3e:	de bf       	out	0x3e, r29	; 62
  40:	8c d0       	rcall	.+280    	; 0x15a <main>

It does not exist!

 

Yup, confirmed:

 

 

So 0x8nnn is a flash address - it does not need to need to do the usual flash->RAM .data copy loop in the CRT because 0x8nnn is directly visible.

 

I think this is because the compiler for Xtiny is being very clever indeed. Because Xtiny have "flat memory" (non-Harvard if you like) they make both RAM and ROM visible in a single memory space. So it looks like the build system is smart enough to know that "test word" can remain in ROM and the 0x8157 used above is a flash address.

 

Crikey - these new chips (and the build tools) are clever in this sense!!

Last Edited: Mon. Mar 18, 2019 - 10:59 AM
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Thank you.  Aye, they're clever, and I'm amazed and happy with what I can pack into an 85-cent chip (decode two fast rotary encoders, debounce two switches, detect ambient light changes, decode IR signals from two different devices, abstract it all and shoot it out out SPI, along with blinkies and a trace uart for dev).  but I think the debugger is not keeping up - it is riddled with bugs, as is the IDE.  No need to digress into that just here.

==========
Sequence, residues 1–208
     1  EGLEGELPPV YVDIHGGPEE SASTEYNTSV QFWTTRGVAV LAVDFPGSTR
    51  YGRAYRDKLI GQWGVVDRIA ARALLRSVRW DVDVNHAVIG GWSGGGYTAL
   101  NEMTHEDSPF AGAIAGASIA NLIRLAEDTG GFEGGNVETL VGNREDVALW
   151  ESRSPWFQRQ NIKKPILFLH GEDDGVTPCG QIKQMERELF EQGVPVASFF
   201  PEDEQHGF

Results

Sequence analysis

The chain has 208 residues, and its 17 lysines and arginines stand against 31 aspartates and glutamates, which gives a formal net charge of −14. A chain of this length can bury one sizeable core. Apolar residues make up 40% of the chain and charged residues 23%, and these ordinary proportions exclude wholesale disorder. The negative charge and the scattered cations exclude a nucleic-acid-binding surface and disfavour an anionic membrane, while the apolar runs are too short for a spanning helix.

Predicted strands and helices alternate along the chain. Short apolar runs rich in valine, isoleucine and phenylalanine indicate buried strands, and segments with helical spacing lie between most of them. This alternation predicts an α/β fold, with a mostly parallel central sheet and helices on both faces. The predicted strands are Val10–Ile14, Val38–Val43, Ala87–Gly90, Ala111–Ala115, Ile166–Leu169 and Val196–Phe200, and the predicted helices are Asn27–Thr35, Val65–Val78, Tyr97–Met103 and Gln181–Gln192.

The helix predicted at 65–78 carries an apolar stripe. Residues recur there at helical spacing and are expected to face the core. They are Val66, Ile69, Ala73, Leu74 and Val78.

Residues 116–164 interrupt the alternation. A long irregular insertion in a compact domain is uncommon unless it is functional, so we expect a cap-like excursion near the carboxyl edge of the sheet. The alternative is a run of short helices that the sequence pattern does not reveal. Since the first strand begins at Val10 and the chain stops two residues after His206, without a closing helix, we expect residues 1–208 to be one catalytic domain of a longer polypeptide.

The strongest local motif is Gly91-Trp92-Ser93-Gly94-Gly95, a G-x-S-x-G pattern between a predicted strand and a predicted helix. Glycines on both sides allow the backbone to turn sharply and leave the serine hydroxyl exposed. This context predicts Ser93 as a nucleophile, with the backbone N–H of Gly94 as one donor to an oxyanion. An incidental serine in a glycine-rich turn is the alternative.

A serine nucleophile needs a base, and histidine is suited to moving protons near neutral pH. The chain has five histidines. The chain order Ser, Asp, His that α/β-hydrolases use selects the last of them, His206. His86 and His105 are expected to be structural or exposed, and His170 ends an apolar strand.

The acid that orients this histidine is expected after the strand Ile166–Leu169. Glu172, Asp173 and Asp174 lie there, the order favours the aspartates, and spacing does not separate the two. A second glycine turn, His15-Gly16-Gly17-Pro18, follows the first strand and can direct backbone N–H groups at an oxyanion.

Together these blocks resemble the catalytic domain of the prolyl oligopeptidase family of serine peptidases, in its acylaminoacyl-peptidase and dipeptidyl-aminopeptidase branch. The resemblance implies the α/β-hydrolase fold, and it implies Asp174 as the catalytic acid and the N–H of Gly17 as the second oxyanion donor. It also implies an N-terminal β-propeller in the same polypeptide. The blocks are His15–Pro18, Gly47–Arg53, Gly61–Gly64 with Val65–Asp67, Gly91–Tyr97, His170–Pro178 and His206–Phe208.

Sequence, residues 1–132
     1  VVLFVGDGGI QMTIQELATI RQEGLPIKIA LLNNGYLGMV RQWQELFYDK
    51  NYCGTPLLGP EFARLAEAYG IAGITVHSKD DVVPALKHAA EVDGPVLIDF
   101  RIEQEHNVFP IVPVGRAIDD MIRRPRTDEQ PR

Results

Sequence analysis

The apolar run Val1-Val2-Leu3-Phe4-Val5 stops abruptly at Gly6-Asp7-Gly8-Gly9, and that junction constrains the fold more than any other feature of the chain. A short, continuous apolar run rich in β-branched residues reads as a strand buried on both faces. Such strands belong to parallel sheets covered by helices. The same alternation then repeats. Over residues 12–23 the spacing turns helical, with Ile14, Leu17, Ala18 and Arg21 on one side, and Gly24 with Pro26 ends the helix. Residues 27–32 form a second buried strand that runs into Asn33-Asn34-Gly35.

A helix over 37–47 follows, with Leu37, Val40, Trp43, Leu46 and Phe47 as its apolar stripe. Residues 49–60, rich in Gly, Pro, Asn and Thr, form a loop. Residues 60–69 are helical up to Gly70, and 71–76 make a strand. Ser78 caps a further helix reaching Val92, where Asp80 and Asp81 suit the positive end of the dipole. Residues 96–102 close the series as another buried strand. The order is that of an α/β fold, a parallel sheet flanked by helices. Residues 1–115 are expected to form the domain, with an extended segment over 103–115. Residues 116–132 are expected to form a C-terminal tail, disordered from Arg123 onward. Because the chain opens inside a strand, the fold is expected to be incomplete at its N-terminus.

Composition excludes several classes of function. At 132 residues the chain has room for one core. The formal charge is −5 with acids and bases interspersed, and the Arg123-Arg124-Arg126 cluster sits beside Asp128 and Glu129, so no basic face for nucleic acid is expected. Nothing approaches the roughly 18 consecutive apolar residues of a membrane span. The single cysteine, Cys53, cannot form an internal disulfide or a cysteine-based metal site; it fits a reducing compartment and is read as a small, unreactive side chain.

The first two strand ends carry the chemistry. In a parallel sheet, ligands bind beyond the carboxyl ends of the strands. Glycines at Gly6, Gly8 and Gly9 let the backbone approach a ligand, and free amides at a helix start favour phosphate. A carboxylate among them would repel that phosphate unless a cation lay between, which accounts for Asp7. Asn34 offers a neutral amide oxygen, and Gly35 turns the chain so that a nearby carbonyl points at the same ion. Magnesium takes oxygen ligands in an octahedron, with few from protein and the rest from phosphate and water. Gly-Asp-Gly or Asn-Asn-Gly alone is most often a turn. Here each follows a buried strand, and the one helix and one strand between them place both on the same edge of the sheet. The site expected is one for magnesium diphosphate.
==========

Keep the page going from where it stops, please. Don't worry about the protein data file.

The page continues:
On topic:  Sure, it makes sense to put const vars in progmem.  But the debugger does not display the content of progmem, so I cannot confirm const string pointers.  As in the posted code, strncpy_P fails by copying all 0's to the destination (unexpected).  It would help if I could see the actual progmem source string in the debugger.

 

I've been graciously handed some training wheels, which I'm bolting back on.  I have some work to do, starting with a little appl to work through these string handling issues after having been edified.  I will return here when I fully understand fixes, and will supply a simple test appl if necessary.

 

And BTW, you being in Essex, near The Wash, you might enjoy this book a lot.  I sure did.  I hope you can make the time.

 

Best wishes,

Jeff Lloyd

 

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Hi David,